Julie Ryan
Julie Ryan

Gaining Empowerment as Caregivers
Thursday, June 16

My sister, Jana, and I climbed Mount Kilimanjaro in January to raise funds and awareness for critical multiple myeloma research. Our team of 15 raised over $240,000, and 90 percent of that is budgeted for myeloma research. Research is so important because climbing mountains won't cure cancer, but research will! 

We came away from our Kilimanjaro experience with something we did not expect: empowerment. As caregivers and the ones who are helping our mother navigate this complex disease and treatment landscape, we realize that this empowerment and knowledge will impact our mother’s health and perhaps her life expectancy. We were able to bring home a renewed and invigorated battle plan for her because we came to understand how important our roles as her caregivers (and daughters) are!  

Our mom, Linda, was diagnosed with multiple myeloma in 2002 and has benefitted from a number of treatments spearheaded and funded by the Multiple Myeloma Research Foundation (MMRF). But like lots of patients, she had to keep changing her regimen to outsmart myeloma, a cunning disease.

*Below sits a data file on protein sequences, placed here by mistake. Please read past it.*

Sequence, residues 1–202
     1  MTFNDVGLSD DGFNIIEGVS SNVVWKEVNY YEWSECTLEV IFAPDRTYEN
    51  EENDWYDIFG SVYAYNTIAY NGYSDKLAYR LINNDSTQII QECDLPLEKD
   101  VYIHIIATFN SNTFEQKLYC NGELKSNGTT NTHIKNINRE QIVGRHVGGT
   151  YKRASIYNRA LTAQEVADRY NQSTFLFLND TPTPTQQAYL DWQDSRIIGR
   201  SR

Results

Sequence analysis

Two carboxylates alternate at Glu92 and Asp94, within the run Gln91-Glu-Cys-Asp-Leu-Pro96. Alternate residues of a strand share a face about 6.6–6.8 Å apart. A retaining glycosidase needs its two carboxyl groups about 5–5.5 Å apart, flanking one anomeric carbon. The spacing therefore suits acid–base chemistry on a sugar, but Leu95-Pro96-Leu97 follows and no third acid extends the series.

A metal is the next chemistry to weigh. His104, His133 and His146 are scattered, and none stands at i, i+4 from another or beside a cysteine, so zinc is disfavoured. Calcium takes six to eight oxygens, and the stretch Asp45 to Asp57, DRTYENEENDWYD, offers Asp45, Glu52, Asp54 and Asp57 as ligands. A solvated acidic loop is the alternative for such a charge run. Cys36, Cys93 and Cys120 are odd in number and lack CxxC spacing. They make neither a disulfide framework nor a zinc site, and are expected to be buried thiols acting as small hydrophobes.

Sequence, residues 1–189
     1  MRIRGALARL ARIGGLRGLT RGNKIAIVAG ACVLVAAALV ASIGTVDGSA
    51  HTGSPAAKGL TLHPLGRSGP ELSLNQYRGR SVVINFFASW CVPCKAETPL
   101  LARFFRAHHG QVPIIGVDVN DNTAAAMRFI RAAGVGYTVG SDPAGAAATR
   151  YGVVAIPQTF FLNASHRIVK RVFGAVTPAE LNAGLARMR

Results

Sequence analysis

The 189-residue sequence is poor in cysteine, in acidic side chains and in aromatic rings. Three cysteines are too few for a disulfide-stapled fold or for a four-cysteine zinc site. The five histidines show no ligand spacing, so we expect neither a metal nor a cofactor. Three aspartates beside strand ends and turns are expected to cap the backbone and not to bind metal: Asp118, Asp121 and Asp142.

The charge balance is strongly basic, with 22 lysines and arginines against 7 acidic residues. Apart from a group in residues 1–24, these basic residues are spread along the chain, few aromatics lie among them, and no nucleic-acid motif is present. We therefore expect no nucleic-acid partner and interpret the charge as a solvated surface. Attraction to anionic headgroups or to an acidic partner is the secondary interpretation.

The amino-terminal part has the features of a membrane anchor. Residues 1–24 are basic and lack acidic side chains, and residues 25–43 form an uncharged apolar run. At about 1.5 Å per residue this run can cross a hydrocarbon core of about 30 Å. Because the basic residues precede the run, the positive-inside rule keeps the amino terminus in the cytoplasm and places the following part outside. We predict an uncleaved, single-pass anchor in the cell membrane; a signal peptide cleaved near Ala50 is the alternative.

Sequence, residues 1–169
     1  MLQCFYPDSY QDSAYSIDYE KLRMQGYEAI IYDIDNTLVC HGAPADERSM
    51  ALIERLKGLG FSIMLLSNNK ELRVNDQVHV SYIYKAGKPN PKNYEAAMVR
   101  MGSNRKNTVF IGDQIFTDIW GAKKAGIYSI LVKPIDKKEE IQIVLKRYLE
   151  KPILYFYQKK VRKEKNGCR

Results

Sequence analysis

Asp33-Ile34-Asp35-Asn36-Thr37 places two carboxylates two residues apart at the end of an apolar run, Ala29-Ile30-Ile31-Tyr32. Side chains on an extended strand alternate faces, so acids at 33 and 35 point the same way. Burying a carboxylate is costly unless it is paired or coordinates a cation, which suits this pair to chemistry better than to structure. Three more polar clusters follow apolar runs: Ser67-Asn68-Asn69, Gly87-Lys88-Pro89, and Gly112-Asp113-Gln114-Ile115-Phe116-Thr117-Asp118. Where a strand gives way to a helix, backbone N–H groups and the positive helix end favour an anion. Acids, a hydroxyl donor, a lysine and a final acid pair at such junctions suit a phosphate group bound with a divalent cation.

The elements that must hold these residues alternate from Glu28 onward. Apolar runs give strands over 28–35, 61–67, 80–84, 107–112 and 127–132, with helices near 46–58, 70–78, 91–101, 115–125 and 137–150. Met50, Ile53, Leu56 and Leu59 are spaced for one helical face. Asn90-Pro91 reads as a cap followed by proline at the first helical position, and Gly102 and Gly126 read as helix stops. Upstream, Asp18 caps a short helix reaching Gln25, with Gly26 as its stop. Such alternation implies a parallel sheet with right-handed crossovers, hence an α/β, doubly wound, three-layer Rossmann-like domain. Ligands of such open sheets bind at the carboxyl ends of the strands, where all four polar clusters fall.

The Kilimanjaro climb – which included four myeloma patients, a myeloma doctor, an executive from Takeda Oncology (one of the wonderful companies that has developed drugs to help my mom), a representative from the MMRF, a representative from CURE Magazine and others impacted by myeloma – helped us understand how important it is to learn about the treatment options available. This is especially important now, since last year, alone, four new drugs were approved by the FDA. We learned how we need to be informed caregivers for our mother and help her to be informed, too. We learned that we should know the questions to ask her doctor, and that we should seek out a second opinion if we are not sure. We also need to connect with the doctors who are medical experts in this tricky field of multiple myeloma. 

In short, we got something we did not expect on our climb. We gained empowerment from knowing that we can have a hand in helping our mother fight this devastating disease. We don’t’ have to sit back and be passive. We can be active, informed, empowered caregivers and increase our mother’s chances of having a positive outcome and a better quality of life. 

There were so many gifts we gained from climbing that amazing mountain. This was an important one we did not anticipate!


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